The truth is, there have only been a handful of performers in the history of popular music who were able to both churn out an impressive number of huge radio hits that’ll no doubt outlive them and become complex, innovative album artists. Those are two distinct skill sets, and while neither one is necessarily better than the other, succeeding at both is extremely rare. The Beatles did it, of course; so did Stevie Wonder and Marvin Gaye. Beyoncé belongs on that list, too. As a pop star, she’s been steadily spitting out massively successful singles for over two decades now. (To put it in perspective, when Destiny’s Child went No. 1 in 1999 with “Bills, Bills, Bills,” I was 11 years old. This week, Renaissance is poised to top the charts, and I’m days away from turning 34. There’s an entire generation of not-so-young adults who have spent two-thirds of their lives in a world where Beyoncé is the biggest singer on the planet.) Shockingly, there’s been no dip in her relevance; at 40, she’s arguably a bigger part of the zeitgeist than she was when she was 20 — no easy feat in a genre that places such a heavy premium on youth. But ever since she surprise-released her 2013 self-titled record, her first “visual album” that married the concept album with the music video, she’s been on a creative tear that should cement her status as one of the most important artists of her generation.
Beyoncé saw her completely changing the way albums are released while also putting out her most overtly feminist music to date. Then in 2016, she put out her masterpiece, Lemonade — a stunning visual album that saw her celebrating her “Negro nose with Jackson 5 nostrils,” sampling a Malcolm X speech where he declares that “the most disrespected person in America is the Black woman” and giving powerful cameos to some of the Black women who have been most egregiously, unforgivably disrespected, the mothers of police brutality victims Michael Brown, Trayvon Martin and Eric Garner. It was an enormously ambitious project, one that simultaneously contained her most personal and most socially conscious work while experimenting with an impressive variety of genres ranging from reggae, blues and country to rock, gospel and trap. If “Crazy in Love” was her “Can I Get a Witness,” Lemonade was her What’s Going On.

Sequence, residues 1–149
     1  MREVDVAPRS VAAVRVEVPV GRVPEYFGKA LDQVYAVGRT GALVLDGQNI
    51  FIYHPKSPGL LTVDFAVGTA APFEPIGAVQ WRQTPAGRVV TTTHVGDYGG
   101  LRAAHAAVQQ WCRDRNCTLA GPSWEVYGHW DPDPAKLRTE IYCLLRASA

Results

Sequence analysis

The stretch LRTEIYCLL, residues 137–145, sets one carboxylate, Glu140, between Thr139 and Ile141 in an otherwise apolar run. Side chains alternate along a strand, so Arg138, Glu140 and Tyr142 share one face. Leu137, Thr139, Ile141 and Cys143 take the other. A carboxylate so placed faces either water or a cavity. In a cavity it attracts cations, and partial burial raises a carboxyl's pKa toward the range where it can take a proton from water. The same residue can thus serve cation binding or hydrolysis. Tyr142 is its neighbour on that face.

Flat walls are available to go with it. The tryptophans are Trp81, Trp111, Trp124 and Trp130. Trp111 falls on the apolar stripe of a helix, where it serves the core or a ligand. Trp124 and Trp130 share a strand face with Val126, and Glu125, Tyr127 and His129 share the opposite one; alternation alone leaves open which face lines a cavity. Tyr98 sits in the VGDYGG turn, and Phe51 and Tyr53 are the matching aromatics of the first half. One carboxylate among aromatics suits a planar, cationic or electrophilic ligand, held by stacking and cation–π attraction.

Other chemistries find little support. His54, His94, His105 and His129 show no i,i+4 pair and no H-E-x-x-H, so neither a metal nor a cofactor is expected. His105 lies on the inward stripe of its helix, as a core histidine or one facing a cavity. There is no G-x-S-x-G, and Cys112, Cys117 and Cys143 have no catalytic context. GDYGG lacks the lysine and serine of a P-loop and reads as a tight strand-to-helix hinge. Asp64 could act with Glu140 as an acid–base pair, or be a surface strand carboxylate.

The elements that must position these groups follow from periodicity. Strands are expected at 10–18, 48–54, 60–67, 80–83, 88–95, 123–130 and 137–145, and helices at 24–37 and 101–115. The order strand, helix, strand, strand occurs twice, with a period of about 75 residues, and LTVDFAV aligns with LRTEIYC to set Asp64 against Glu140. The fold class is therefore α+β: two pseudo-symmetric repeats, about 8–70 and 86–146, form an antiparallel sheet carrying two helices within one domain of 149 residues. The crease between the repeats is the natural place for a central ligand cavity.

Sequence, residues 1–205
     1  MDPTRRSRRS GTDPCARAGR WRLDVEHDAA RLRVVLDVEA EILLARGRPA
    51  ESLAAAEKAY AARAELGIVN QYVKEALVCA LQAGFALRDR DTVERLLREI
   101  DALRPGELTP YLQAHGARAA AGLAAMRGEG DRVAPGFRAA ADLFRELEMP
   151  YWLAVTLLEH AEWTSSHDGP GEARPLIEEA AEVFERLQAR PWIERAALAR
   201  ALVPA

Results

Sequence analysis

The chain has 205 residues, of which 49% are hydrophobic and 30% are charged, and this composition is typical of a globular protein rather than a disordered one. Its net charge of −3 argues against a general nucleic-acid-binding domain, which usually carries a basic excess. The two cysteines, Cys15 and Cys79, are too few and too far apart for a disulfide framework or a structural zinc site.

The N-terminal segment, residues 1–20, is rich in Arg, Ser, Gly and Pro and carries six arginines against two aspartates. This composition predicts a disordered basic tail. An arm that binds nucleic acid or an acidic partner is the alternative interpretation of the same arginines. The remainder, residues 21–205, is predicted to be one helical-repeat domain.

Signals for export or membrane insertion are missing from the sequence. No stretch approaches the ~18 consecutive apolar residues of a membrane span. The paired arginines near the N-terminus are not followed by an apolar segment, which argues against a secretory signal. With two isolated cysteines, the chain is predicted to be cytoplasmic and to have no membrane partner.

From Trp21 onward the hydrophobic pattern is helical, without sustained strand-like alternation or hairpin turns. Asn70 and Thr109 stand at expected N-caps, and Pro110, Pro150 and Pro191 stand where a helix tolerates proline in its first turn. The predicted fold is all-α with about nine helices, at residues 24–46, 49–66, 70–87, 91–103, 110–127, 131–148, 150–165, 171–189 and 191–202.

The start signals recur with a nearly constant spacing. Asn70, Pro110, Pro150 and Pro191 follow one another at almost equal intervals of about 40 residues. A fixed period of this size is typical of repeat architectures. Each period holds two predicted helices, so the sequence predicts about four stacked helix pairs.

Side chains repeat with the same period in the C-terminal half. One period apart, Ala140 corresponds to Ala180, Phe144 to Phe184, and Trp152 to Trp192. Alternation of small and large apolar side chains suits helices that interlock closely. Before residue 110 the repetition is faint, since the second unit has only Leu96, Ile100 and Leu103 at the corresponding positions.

Now she’s back with Renaissance, her first studio album since Lemonade, and while it’s not as overtly political as her previous work, it still serves as confirmation that she absolutely deserves to be taken seriously as an album artist who isn’t particularly concerned with making marketable, radio-friendly hits anymore. Renaissance is a celebration of Black dance music, from ’70s disco to Chicago house, Detroit techno and New Orleans bounce. Its sequencing is flawless, each track bleeding into the next, and each sample feels meticulously chosen. Beyoncé isn’t just relying on assists from legends like Nile Rodgers and Grace Jones (who appear on “Cuff It” and “Move,” respectively); she’s using her star power to make sure we all know our history, elevating the sounds and styles of too-often-unsung heroes because she’s in the unique position to do so. She dedicates the album to her “godmother” Uncle Jonny, who died of complications from HIV, and the “pioneers who originate culture…the fallen angels whose contributions have gone unrecognized for far too long.” It’s not the first time she’s assumed the heavy burden of making sure Black culture gets the recognition it deserves — her historic 2018 Coachella performance, with its massive marching band and nods to HBCUs, is the perfect example of that. But if anything, Renaissance is a reminder that Beyoncé herself absolutely deserves to be counted among those “pioneers who originate culture”; even when she’s dressed up as someone else (whether literally in costume or offering a more subtle sonic homage), she finds a way to remind us all of her own undeniable talent.